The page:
The Case against Stock Picking

Jun 18th, 2015
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The temptation to select specific securities is strong. The temptation flows from the belief that either one has superior insights/research and/or that one contemplates specific approaches to portfolio development with an eye toward a peculiarly beneficial return to risk. There are number of reasons why such temptations should be minimized. The reasons can be shown graphically using the Capital Asset Pricing Model, statistically using Portfolio Theory, empirically using historic evidence and tests, and functionally using the Efficient Market Hypothesis.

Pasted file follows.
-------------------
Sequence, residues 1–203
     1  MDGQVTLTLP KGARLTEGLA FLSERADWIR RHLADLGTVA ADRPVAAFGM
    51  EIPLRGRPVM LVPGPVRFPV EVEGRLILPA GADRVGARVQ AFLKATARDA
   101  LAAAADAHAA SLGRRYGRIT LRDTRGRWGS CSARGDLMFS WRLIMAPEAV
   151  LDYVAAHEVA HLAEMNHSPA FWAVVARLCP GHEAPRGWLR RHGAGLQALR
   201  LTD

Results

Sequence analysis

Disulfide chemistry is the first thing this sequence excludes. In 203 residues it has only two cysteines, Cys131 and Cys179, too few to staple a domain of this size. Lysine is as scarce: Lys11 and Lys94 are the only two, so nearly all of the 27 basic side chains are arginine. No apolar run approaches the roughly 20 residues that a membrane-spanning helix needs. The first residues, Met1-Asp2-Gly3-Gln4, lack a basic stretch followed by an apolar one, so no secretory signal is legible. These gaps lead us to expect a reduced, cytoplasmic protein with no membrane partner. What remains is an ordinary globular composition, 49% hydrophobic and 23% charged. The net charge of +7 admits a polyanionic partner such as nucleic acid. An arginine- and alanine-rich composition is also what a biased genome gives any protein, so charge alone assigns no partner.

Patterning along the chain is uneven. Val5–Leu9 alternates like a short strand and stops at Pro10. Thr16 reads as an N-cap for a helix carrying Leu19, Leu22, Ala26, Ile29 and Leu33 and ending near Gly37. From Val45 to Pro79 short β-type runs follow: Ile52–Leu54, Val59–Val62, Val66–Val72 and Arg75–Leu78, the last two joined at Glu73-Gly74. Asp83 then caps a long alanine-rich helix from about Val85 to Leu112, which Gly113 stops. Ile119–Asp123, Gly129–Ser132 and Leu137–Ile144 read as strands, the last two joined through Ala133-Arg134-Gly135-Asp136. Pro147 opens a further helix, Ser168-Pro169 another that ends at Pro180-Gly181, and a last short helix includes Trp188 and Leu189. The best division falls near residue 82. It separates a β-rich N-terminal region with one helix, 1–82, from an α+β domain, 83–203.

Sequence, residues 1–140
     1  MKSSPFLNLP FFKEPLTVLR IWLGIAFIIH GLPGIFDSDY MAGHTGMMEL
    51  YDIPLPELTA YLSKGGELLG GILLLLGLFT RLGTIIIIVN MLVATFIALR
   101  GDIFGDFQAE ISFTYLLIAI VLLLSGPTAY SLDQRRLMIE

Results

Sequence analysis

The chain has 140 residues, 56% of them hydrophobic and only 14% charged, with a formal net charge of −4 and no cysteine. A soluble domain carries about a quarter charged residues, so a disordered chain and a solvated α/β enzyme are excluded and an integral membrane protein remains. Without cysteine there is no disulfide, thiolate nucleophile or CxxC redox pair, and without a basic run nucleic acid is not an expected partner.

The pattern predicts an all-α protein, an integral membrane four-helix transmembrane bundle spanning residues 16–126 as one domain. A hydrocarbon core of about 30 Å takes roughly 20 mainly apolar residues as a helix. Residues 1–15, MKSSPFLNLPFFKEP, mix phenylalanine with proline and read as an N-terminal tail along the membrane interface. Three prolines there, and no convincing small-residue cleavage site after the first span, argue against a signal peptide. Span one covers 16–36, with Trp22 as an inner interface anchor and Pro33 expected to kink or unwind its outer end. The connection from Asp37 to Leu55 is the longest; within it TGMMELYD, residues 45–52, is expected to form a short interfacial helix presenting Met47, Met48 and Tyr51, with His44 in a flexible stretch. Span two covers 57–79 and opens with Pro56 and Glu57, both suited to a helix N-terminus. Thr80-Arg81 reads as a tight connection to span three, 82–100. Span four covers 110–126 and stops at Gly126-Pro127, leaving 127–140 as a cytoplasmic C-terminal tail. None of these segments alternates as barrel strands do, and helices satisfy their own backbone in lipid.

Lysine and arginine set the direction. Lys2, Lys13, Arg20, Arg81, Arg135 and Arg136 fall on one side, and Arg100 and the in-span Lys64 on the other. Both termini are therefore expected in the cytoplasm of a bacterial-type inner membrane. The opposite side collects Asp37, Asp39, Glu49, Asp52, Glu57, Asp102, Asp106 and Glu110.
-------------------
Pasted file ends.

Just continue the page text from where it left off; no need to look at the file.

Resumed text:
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The Case against Stock PickingCharles J. Higgins, Ph.D.Dept. of Finance and Computer Information SystemsLoyola Marymount UniversityOne LMU Dr.Los Angeles, CA 90045-8385310 338 7344chiggins@lmu.eduNovember 13, 20033nd Draft The Case against Stock PickingThis paper brings together various topics in finance-the Capital Asset Pricing Model, Portfolio Theory, the empirical evidence, and the Efficient Market Hypothesis-to address whether individual security selection-Stock Picking-is or is not a meritorious venture.INTRODUCTIONThe temptation to select specific securities is strong. The temptation flows from the belief that either one has superior insights/research and/or that one contemplates specific approaches to portfolio development with an eye toward a peculiarly beneficial return to risk. There are number of reasons why such temptations should be minimized. The reasons can be shown graphically using the Capital Asset Pricing Model, statistically using Portfolio Theory, empirically using historic evidence and tests, and functionally using the Efficient Market Hypothesis.GRAPHICAL DEMONSTRATIONSuperior portfolio construction is generally measured in terms of a generated or expected total return (income plus gains/losses) versus an experienced or contemplated risk. Securities of number n combine into portfolios with a return of: nRp = ? wi Ri (1) i=1where Rp is the return to the portf

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